#1 - Don’t get Stamped Concrete, its slippery!
Not anymore. Many years ago, a special abrasive non-skid additive was developed that now gives the sealer a gritty feel. The result?  Stamped concrete is no longer slippery! Hooray!


#2 – Stamped Concrete color will fade or leach out and color needs to be reapplied every year.
Not true. The color is permanent. Interestingly, colored concrete that needs to be sealed can appear to have a “chalky” or faded appearance. Once a fresh coat of sealer is applied, the concrete colors come back to life again!


#3 – Stamped Concrete color will flake off
Not ours. This is rare and would only occur if the installation is not done correctly. The color is permanent.

 #4 – Stamped Concrete will crack and will be ruined!
It’s no secret, concrete can crack.  However, not to worry … when installed properly, cracking potential is minimized and controlled to the point where the concrete could crack and you’ll never know it!

#5 - Pavers are better than stamped concrete
As we like to say, “No surface is perfect”! Overall pavers tend to be more expensive and have more maintenance, such as settlement, sand, and weeds … Stamped concrete tends to be the cheapest and has the least maintenance.


#6 - Stamped concrete shouldn’t be used in this region of the country because of seasonal weather fluctuations.
At its core, stamped concrete is regular concrete. There is concrete everywhere you look here Washington DC metro area and likely in many other more northern regions as well with no temperature related problems … That said, there are procedures and techniques that we follow in various times of the year, but overall there is no reason stamped concrete can’t be installed successfully here vs any other region of the country.


#7 – Don’t get Stamped Concrete … it looks shiney and fake .. it doesn’t look good with big houses …
“Beauty is in the eye of the beholder”!  Many people like the look of stamped concrete better than brick, pavers, or stone. Many people like the “wet look” better, others like the dry look. Be sure you’ve seen our grouted and shaded style! Sealer is available in low, medium, and high gloss .. we can discuss these details for your project.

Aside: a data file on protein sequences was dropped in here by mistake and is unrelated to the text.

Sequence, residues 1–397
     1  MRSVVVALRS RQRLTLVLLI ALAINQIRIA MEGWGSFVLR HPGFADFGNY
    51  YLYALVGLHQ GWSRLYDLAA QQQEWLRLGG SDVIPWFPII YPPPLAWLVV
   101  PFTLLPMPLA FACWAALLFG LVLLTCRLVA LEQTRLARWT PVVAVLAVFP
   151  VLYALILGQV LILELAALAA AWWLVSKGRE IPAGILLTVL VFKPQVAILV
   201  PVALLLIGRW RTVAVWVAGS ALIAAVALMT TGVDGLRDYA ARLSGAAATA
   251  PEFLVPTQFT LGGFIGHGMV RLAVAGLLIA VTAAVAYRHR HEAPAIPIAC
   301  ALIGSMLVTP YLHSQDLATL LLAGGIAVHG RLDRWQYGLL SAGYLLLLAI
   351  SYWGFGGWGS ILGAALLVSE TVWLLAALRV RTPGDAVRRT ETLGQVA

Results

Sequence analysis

#8 - Stamp impressions are always flatter from one side to the other …
This myth suggests that because the concrete is getting harder as the stamping process is going on, that the stamps will not be able to provide the same depth of impression from one side of a job to the other. Simply said, we are aware of this issue, we can control it and this has never been a notable problem for us.


#9 - Color that is mixed through and through in the concrete is better
There are 2 ways to color concrete. Many believe that having the color through and through in the concrete is better. The main reason for this opinion is because most customers don’t understand “the other” coloring technique referred to as Surface Color Hardener, aka, Shake-On or Toss-On color. There are many pros and cons of both techniques. Ultimately, they are both acceptable and both provide long lasting permanent color.
Most homeowners believe through-and-through color, known as Integral color is better because it solves the problem of getting a chip and seeing through to the white concrete. This is a great theory, but in reality getting a chip in stamped concrete is very rare and also very easy to recolor if it were to happen. There are other disadvantages to integral color such as color matching and a less realistic look, and other advantages to surface color hardener such as more detailed stamp impressions, and more color selections, that most homeowners don’t understand. Let’s discuss these details for your project and see which technique is better for your job. The best, of course, is both …. Like having a “belt AND suspenders!” … but of course, will cost more….


#10 – Stamped Concrete doesn’t last as long as regular concrete
Not true. Provided your stamped concrete is maintained properly, most stamped concrete will last just as long as regular concrete, if not longer due to the sealer protecting the concrete. Go sealer!